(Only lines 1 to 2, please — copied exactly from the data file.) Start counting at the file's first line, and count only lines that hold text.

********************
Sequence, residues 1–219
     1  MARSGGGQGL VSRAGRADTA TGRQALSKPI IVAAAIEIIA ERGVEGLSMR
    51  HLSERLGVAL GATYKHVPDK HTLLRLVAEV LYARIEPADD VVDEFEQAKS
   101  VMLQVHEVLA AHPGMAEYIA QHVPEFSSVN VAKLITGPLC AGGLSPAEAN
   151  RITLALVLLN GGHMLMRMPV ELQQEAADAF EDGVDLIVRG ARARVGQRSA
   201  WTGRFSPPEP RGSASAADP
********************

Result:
Sequence, residues 1–219
     1  MARSGGGQGL VSRAGRADTA TGRQALSKPI IVAAAIEIIA ERGVEGLSMR